Background: Vitamin supplementation in Rauwolfia vomitoria root bark extract administration may interact and impact significantly on hematology of albino Wistar rats. Aim: In this investigation we studied vitamin E supplementation with Rauwolfia vomitoria root bark extract on the hematology of experimental animals. Materials and Methods: Forty two rats weighing 200 – 230 g were randomly selected into six groups of seven animals each. Group 1 animals serve as controls; group 2 received vitamin E (10 IU/kg body weight). Groups 3 and 4 were given the extract (150 and 300 mg/kg body weight) respectively. Groups 5 and 6 were given vitamin E (10 IU/kg body weight), the extract (150 and 300 mg/kg body weight) respectively. The extract and the vitamin were administered daily by oral intubation. Blood samples analyzed for hematological indices. Results: Decrease in white blood cell count (WBC) was observed, indicating improved immunity of animals. Extract at 150 and 300 mg/kg body weight with and without vitamin E affected hemoglobin and packed cell volume. Conclusion: Rauwolfia vomitoria with or without vitamin E improved animal's immunity and enhances their hematology. Interaction of vitamin E with the extract affects medicinal therapeutics of this plant. PMID:22408754

  7. Improving rehabilitation after critical illness through outpatient physiotherapy classes and essential amino acid supplement: A randomized controlled trial.

    PubMed

    Jones, C; Eddleston, J; McCairn, A; Dowling, S; McWilliams, D; Coughlan, E; Griffiths, R D

    2015-10-01

    Patients recovering from critical illness may be left with significant muscle mass loss. This study aimed to evaluate whether a 6-week program of enhanced physiotherapy and structured exercise (PEPSE) and an essential amino acid supplement drink (glutamine and essential amino acid mixture [GEAA]) improves physical and psychological recovery. Intensive care patients aged 45 years or older, with a combined intensive care unit stay/pre-intensive care unit stay of 5 days or more were recruited to a randomized controlled trial examining the effect of PEPSE and GEAA on recovery. The 2 factors were tested in a 2 × 2 factorial design: (1) GEAA drink twice daily for 3 months and (2) 6-week PEPSE in first 3 months. Primary efficacy outcome was an improvement in the 6-minute walking test at 3 months. A total of 93 patients were randomized to the study. Patients receiving the PEPSE and GEA had the biggest gains in distance walked in 6-minute walking test (P < .0001). There were also significant reductions in rates of anxiety in study groups control supplement/PEPSE (P = .047) and GEAA supplement/PEPSE (P = .036) and for GEAA supplement/PEPSE in depression (P = .0009). Enhanced rehabilitation combined with GEAA supplement may enhance physical recovery and reduce anxiety and depression. Copyright © 2015 Elsevier Inc. All rights reserved.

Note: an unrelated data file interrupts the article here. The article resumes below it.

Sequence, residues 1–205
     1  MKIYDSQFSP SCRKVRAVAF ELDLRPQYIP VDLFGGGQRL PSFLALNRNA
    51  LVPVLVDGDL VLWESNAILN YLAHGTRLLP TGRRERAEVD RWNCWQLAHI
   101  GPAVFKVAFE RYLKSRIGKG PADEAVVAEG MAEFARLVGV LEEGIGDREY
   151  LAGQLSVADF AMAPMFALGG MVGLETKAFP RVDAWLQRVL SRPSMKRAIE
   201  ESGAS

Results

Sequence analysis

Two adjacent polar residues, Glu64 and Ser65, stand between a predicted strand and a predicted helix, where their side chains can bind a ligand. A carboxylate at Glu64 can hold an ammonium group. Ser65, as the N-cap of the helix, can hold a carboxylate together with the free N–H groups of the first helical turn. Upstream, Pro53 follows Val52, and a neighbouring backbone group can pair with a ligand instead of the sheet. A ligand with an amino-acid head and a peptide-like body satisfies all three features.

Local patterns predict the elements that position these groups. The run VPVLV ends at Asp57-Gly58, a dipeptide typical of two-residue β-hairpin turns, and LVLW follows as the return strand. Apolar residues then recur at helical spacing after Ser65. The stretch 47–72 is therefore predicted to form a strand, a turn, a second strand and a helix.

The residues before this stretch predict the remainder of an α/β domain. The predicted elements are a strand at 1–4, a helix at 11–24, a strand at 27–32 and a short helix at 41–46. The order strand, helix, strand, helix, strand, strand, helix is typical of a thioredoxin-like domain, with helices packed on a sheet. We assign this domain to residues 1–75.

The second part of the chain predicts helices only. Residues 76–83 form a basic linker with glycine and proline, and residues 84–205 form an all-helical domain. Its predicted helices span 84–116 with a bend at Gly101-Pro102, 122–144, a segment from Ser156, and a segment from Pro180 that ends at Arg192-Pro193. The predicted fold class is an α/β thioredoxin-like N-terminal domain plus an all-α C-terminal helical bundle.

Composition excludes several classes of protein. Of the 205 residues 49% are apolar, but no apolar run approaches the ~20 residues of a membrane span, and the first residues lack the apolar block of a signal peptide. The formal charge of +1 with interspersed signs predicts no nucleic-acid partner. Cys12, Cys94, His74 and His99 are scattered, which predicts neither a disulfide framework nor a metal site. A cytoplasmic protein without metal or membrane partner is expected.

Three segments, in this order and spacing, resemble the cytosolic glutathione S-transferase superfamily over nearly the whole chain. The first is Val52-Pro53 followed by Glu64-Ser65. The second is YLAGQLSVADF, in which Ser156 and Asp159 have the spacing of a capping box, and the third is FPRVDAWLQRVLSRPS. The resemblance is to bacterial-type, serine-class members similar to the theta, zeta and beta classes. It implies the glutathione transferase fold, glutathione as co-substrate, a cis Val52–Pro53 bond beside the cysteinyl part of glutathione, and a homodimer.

8. Endothelial cell density to predict endothelial graft failure after penetrating keratoplasty.

    PubMed

    Lass, Jonathan H; Sugar, Alan; Benetz, Beth Ann; Beck, Roy W; Dontchev, Mariya; Gal, Robin L; Kollman, Craig; Gross, Robert; Heck, Ellen; Holland, Edward J; Mannis, Mark J; Raber, Irving; Stark, Walter; Stulting, R Doyle

    2010-01-01

    To determine whether preoperative and/or postoperative central endothelial cell density (ECD) and its rate of decline postoperatively are predictive of graft failure caused by endothelial decompensation following penetrating keratoplasty to treat a moderate-risk condition, principally, Fuchs dystrophy or pseudophakic corneal edema. In a subset of Cornea Donor Study participants, a central reading center determined preoperative and postoperative ECD from available specular images for 17 grafts that failed because of endothelial decompensation and 483 grafts that did not fail. Preoperative ECD was not predictive of graft failure caused by endothelial decompensation (P = .91). However, the 6-month ECD was predictive of subsequent failure (P < .001). Among those that had not failed within the first 6 months, the 5-year cumulative incidence (+/-95% confidence interval) of failure was 13% (+/-12%) for the 33 participants with a 6-month ECD of less than 1700 cells/mm(2) vs 2% (+/-3%) for the 137 participants with a 6-month ECD of 2500 cells/mm(2) or higher. After 5 years' follow-up, 40 of 277 participants (14%) with a clear graft had an ECD below 500 cells/mm(2). Preoperative ECD is unrelated to graft failure from endothelial decompensation, whereas there is a strong correlation of ECD at 6 months with graft failure from endothelial decompensation. A graft can remain clear after 5 years even when the ECD is below 500 cells/mm(2).